Insider's View: Why Your Bank is Watching You So Closely
The yin and yang of the lender-borrower relationship
WASHINGTON -- Your convenience-retail company and your bank have several things in common. I ask you today to consider three interconnected items and how they affect each of you: regulation, leverage and profit.
In today’s ever-increasing regulatory environment, particularly in the world of banking, there is always someone watching. Why are they watching? What are they looking for?
Whether it is the Federal Reserve (FED), the Comptroller of the Currency (OCC) or your local bank, there are rules, some clearly defined and others that have yet to be defined, that must be followed by law. Banks have a few to hundreds of regulators (people) working directly in their building(s) watching every transaction, and banks continue to work with their regulators to better understand and comply with the rules set by the FED and/or the OCC.
These are some of the reasons why banks are regulated:
- Prudential—To reduce the level of risk to which bank creditors are exposed.
- Systemic risk reduction—To reduce the risk of disruption resulting from adverse trading conditions for banks causing multiple or major bank failures.
- Avoid misuse of banks—To reduce the risk of banks being used for criminal purposes.
- To protect banking confidentiality.
- Credit allocation—To direct credit to favored sectors.
- The rules may also address treating customers fairly and maintaining corporate social responsibility (CSR).
Keep in mind that your bank is being monitored by federal regulators, just as the banks monitor your loans. Under the increasing regulatory environment, some banks believe that it is their responsibility to be intimately involved in your business. Your company may not have regulators working in the same building, but I am sure some companies feel like the banks have become a part of their management team. From PetroCapRE’s vantage, we see tremendous variance between banks and how much they are involved in a company’s business on a day to day basis.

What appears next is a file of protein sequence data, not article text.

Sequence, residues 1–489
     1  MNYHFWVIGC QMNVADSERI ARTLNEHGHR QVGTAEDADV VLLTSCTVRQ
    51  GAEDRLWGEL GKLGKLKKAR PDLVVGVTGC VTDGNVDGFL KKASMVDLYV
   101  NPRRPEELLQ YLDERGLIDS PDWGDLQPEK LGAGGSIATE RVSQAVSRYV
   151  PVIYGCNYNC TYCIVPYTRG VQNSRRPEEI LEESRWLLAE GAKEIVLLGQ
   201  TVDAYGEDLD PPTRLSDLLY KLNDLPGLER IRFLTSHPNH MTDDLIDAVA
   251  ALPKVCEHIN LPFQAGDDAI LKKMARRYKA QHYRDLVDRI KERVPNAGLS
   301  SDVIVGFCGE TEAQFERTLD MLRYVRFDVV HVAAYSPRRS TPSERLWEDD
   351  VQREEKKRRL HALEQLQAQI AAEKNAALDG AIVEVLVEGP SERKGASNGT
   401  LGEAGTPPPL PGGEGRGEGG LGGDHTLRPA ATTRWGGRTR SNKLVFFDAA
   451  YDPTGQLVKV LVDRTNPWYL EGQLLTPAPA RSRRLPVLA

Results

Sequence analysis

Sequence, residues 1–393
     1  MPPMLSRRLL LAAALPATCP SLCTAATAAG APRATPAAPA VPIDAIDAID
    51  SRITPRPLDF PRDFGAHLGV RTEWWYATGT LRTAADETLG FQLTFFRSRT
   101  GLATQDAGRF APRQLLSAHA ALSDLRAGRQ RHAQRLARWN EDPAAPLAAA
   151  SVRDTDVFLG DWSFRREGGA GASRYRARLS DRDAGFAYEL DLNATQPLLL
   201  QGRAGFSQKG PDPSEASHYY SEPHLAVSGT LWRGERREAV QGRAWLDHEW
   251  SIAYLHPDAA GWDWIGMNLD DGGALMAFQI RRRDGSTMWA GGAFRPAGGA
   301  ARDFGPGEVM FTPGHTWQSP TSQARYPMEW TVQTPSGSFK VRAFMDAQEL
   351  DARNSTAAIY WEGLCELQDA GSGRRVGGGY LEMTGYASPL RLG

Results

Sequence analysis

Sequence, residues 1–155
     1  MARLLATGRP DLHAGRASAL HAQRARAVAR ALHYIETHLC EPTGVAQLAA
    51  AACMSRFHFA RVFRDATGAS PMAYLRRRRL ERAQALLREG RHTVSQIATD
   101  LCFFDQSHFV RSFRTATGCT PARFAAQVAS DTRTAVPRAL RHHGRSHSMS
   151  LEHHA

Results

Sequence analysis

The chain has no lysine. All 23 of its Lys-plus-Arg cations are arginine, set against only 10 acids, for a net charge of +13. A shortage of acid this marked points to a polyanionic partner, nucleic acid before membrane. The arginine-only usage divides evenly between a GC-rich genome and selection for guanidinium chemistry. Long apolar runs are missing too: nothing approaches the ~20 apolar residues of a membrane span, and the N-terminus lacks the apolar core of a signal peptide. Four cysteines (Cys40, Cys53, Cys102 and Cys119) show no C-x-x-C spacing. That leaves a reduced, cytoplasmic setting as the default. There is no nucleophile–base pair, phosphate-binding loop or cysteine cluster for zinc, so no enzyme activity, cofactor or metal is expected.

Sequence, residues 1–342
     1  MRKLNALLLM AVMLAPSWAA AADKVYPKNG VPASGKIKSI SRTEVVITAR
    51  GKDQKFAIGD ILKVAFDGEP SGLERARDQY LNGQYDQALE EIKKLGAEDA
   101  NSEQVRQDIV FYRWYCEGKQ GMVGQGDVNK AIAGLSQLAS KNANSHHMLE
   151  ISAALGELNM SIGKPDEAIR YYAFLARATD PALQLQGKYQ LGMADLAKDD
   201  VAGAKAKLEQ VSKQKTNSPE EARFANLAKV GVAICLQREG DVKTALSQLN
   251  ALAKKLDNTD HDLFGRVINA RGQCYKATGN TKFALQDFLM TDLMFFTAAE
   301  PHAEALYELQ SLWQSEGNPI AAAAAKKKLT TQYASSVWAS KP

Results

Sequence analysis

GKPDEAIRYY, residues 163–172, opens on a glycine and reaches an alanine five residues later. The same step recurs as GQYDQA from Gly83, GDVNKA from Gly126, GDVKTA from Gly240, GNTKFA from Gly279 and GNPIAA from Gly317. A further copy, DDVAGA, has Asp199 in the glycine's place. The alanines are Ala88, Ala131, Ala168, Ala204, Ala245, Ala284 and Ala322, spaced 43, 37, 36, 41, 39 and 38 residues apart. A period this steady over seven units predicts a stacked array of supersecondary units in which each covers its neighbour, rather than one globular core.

One of the primary items that the regulators monitor banks for is leverage. The FED and OCC have decided that the maximum preferred leverage should be six (6) times total debt to EBITDA (earnings before interest, taxes, depreciation and amortization) or less. Total debt includes not only senior debt, but also junior and/or mezzanine debt.
As with all broad measures, leverage is not always applicable to all industries and/or loans. For instance, an Internet-services company (low leverage) will need substantially different leverage than a company with a lot of real-estate assets (high leverage). Bank regulators separate all of the bank’s loans into different categories with different risk ratings based on many factors with leverage being an important component.
These categories are important because they dictate the “capital requirement” that a bank must maintain in cash/equityas a percentage of risk-weighted assets. Sounds familiar, doesn’t it?
What is the first question a bank will ask your company when it is buying a new asset or refinancing? “How much equity are you putting in?” Just substitute equity for capital requirement, and now you understand that the regulators are requiring banks to apply a higher portion of equity to riskier loans.
The regulators will scrutinize loans that have leverage higher than six (6) times and place those loans into what is called the “criticized asset” category.It is similar to when/if your company breaks one of its loan covenants and your company is put under closer review. And no one likes that process.
So, the commonality between the bank and your company is that leverage is closely monitored, and higher amounts of leverage require higher equity infusions that affect financial returns, i.e. profit. Also of note is that these rules to reduce bank leverage have produced an increase in non-regulated lenders willing to fund higher-leveraged loans, and our industry—convenience retailing—has been a recipient of this interest due to its high real-estate component and steady cash flows.
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